Sadiq Khan's victory in London's mayoral election is significant for a number of reasons, but a couple of questions immediately come to mind: why was he successful and what might this say about British - and possibly Western - society?
On May 5, London elected its first Muslim mayor, Sadiq Khan, who assumed office after receiving a record 57 percent of the vote in the final round. This wasn't only a first for London but also for the West, as Khan is also the first openly practicing Muslim to become the mayor of a Western city of global importance.
As anti-Islamic sentiment is on the rise following the DAESH terrorist group's attacks in Paris and Brussels Khan's election victory seems to buck a trend of widening division. So how did it happen, when discord and tensions are rising elsewhere?
Anyone who has visited London knows that the city is unusual in a number of respects - first among them the diversity of its population. Over 300 languages are spoken by the city's residents, more than in any other city in Europe. Britain's capital is also Europe's - arguably the world's - leading financial centre and is home to more ultra-high net worth individuals than any other city in the world.
This means the people of London are familiar with the realities of living in an international metropolis. While the election of an openly Muslim mayor might seem out of the question in more homogenous and less globally-connected cities this was not the case in London, where Muslims make up 12 percent and ethnic minorities around 40 percent of the population.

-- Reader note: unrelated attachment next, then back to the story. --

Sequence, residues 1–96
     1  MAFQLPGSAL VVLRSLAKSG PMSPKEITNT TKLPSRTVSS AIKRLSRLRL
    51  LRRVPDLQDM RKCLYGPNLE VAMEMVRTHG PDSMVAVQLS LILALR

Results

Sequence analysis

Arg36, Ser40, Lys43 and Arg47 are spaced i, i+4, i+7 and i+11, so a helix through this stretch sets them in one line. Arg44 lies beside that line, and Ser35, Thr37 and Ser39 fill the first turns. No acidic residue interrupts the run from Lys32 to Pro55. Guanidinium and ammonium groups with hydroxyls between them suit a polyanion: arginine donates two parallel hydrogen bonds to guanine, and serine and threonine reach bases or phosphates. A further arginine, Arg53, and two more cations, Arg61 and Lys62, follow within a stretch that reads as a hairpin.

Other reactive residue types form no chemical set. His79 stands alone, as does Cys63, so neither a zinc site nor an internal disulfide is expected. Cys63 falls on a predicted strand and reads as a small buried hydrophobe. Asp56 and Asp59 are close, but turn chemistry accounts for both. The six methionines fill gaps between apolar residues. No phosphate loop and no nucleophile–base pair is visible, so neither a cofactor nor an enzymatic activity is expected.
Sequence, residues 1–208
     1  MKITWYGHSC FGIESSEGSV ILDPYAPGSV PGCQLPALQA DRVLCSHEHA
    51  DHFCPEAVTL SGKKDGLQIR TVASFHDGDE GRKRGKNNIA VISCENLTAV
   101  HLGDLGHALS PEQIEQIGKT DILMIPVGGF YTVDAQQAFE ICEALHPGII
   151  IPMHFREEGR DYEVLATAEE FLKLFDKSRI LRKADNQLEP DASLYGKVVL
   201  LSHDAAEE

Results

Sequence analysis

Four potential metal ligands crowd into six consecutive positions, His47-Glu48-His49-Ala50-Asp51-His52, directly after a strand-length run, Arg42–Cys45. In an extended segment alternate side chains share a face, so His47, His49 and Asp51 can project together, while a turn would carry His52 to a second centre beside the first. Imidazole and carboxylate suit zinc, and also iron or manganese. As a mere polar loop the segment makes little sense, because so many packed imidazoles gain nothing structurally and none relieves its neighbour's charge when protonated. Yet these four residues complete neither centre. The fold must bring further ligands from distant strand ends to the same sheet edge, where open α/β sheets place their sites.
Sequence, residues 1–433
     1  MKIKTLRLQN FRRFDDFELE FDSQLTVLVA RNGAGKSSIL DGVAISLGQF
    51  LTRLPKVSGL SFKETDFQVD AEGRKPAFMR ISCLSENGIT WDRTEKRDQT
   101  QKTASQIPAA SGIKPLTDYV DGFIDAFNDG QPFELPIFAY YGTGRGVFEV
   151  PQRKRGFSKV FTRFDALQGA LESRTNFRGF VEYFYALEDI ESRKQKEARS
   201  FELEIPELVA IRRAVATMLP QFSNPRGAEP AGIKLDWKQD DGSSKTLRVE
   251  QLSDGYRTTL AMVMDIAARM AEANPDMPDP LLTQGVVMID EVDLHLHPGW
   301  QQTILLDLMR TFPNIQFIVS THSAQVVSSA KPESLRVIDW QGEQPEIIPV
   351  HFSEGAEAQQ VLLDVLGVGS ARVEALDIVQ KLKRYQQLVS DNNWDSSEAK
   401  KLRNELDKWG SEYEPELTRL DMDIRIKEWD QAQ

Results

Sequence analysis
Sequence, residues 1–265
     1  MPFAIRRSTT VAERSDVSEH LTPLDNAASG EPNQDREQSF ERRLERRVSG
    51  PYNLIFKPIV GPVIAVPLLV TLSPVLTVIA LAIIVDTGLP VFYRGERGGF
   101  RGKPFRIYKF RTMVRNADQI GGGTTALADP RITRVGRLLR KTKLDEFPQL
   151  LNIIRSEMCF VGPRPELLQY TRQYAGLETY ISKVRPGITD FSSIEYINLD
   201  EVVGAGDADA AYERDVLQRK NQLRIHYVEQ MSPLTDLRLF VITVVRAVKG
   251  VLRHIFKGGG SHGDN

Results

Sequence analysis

London's special status allowed Khan to be elected mayor there while he may not have been elsewhere. But that doesn't explain why Khan triumphed over his main Conservative rival, Zac Goldsmith.
What set Khan apart?
Aside from Khan being a Muslim, another notable feature of his victory is that he was the candidate of the Labour Party.
Labour is in opposition in the British Parliament after losing an election last year and had not been performing well in the polls. The leader of the Labour Party, Jeremy Corbyn, was voted into his position on a wave of enthusiasm from younger and more radical Labour members but has struggled to broaden his appeal.
In an interview he gave to the The Observer after being elected mayor in which he implicitly criticised Corbyn's approach, Khan said, "Offering solutions to the challenges most people face every day is the only way to win elections."
During his campaign he avoided the internal and ideological battles weighing down the party and stressed things average Londoners care about such as housing and travel costs.
Goldsmith is a Conservative Member of Parliament, an environmentalist and journalist, and the heir to the fortune of his billionaire businessman father Sir James Goldsmith.
Many Londoners are struggling to pay the bills due to the rising cost of living in the capital and the after effects of the 2009 financial crisis. Goldsmith might have suffered from the perception that he couldn't grasp their concerns because of his wealth, with a survey by Populus finding that many saw Goldsmith as "out of touch" and "posh."
A campaign gone wrong